The Resilient Communities Maryland project will develop a community-based energy resilience framework that goes beyond traditional energy metrics using community-informed resilience metrics at the community level through robust multi-stakeholder participation and collaboration. This framework can be replicated and utilized across the state of Maryland to improve preparedness and recovery in the event of hazardous events and extended grid outages.

This project is possible thanks to support from the U.S. Department of Energy (DOE) Solar Energy Technologies Office (SETO)’s Renewables Advancing Community Energy Resilience (RACER) funding program and partnerships with DOE’s National Renewable Energy Laboratory (NREL), Ayika Solutions, the Maryland Energy Administration (MEA), and the Baltimore Office of Sustainability

As the research organization for this project, Groundswell is convening local officials, community leaders, and decision-makers from utility providers in a series of open tables. These conversations focus on individual community needs and the potential for program replicability to ensure future resilience hubs will serve high-priority community needs sustainably for years to come.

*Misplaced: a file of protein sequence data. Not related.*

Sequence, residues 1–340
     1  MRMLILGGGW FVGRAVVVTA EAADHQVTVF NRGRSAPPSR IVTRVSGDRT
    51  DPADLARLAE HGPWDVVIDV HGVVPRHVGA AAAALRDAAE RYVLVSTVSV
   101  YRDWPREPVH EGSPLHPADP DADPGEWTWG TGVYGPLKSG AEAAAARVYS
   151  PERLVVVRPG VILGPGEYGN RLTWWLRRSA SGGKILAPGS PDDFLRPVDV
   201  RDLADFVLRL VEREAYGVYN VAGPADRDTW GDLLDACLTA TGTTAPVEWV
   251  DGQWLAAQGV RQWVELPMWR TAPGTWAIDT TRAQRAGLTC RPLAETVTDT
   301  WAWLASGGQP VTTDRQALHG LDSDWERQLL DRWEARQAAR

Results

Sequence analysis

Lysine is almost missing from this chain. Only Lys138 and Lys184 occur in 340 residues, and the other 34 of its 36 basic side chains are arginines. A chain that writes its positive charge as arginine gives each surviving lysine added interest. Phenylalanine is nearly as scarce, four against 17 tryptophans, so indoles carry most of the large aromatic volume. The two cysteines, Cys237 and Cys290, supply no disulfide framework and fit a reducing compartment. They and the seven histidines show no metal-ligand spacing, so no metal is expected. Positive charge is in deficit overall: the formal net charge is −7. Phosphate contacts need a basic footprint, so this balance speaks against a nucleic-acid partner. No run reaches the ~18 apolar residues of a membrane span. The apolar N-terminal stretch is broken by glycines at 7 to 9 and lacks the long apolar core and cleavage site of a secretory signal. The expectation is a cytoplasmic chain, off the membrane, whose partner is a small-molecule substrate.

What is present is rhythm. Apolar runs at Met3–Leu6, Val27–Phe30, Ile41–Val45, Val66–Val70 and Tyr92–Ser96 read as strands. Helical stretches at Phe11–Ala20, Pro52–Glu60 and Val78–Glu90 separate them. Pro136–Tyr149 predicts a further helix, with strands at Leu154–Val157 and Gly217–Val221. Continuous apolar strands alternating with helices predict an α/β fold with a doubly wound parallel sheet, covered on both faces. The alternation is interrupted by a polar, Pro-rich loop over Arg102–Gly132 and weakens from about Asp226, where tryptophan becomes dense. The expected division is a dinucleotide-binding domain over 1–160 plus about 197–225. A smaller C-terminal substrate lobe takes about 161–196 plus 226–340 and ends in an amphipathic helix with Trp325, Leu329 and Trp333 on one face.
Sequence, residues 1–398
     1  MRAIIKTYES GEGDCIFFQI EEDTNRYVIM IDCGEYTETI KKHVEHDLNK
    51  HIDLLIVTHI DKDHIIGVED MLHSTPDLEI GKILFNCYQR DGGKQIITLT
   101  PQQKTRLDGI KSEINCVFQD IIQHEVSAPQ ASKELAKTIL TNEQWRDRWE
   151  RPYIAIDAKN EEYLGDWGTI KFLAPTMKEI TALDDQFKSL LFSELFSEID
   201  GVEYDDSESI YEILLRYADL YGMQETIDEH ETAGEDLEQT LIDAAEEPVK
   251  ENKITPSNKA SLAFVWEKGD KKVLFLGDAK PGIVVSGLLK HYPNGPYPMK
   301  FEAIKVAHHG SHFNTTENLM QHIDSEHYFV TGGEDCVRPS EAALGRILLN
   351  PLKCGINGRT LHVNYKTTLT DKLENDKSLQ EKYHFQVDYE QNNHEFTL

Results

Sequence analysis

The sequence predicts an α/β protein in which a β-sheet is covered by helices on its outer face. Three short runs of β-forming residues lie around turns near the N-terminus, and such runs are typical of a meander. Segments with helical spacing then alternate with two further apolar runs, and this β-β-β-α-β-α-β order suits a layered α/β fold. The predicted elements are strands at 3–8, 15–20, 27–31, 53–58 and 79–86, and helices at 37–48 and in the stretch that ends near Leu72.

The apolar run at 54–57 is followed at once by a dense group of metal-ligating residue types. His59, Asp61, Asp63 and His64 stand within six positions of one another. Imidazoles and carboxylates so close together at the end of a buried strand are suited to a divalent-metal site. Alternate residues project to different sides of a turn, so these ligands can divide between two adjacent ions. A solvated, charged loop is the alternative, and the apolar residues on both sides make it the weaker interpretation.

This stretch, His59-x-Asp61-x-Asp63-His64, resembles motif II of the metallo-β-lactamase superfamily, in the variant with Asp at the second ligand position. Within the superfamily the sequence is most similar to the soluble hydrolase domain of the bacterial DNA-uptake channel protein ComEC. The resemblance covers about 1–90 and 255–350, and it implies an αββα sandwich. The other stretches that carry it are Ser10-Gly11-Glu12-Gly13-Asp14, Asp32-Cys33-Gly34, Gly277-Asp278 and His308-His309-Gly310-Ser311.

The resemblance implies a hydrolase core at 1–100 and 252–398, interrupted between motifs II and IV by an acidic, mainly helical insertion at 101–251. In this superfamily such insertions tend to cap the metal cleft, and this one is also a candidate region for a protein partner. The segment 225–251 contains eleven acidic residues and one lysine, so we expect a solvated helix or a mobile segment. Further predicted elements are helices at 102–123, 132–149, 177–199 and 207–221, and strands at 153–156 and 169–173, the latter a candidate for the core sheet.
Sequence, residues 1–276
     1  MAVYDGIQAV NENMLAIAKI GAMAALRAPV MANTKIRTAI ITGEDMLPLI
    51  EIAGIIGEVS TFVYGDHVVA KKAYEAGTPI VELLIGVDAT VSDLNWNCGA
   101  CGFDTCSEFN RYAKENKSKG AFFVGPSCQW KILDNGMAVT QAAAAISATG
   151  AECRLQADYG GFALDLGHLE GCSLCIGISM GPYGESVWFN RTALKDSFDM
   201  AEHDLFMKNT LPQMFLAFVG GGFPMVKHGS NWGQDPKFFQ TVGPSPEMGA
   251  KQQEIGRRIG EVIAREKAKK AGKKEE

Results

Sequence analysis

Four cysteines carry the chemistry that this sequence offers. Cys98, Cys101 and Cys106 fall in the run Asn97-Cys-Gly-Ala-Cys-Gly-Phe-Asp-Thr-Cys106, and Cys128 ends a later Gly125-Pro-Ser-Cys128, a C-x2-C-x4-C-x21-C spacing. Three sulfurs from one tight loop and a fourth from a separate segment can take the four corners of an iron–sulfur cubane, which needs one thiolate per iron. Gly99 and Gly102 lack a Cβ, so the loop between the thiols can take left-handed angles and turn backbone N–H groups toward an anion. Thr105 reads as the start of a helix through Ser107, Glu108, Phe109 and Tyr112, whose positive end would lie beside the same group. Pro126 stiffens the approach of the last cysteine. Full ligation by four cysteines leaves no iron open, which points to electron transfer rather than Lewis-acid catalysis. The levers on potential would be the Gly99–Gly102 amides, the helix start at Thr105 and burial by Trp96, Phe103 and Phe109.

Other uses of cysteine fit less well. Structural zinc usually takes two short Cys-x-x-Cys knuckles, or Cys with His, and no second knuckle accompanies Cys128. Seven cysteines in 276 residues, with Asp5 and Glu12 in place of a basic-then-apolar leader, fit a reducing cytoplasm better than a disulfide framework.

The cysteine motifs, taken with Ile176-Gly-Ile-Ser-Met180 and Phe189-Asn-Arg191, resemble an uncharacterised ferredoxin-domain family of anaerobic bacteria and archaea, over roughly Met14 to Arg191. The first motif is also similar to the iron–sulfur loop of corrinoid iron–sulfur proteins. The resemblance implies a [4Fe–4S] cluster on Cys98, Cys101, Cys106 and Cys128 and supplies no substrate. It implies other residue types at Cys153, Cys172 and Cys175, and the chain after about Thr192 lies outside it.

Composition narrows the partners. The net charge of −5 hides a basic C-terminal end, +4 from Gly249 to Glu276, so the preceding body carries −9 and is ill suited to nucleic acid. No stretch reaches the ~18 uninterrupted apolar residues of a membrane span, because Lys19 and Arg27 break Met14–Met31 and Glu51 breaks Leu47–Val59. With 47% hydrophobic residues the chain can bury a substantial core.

• Let Us Give Thanks
  • Let Us Give Thanks

What is a resilience hub?

Resilience hubs combine solar and energy storage on a microgrid to keep the lights and heat or cooling on when the power goes off, which provides essential services for local members of the community. Resilience hubs are particularly important for the most vulnerable among our neighbors, especially our elders and the very young. Groundswell’s approach to developing resilience hubs puts people at the center by engaging community members to determine where and what services are a priority.

FAQ Video

Join Now

Join Groundswell’s Baltimore Resiliency Council and make a difference for your community by shaping community strategies to learn about energy resilience, share how your community is impacted by power outages and climate changes, and shape strategies to better prepare your community for emergency situations. The council will be made up of community members and will meet for two-hour sessions once a month for six months beginning in November 2023. Meetings may be held virtually or in person.

Resiliency Council members will receive compensation in recognition of their time and contributions

If you are interested in joining the Baltimore Resiliency Council, click below.